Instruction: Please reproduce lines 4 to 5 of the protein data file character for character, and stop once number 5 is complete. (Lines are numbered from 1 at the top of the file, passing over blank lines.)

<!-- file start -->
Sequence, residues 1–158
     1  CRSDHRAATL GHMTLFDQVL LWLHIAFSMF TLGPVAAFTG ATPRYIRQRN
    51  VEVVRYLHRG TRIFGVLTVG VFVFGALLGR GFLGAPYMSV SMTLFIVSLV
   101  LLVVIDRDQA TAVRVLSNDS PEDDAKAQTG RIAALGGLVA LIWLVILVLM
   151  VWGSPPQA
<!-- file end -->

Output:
   101  LLVVIDRDQA TAVRVLSNDS PEDDAKAQTG RIAALGGLVA LIWLVILVLM
   151  VWGSPPQA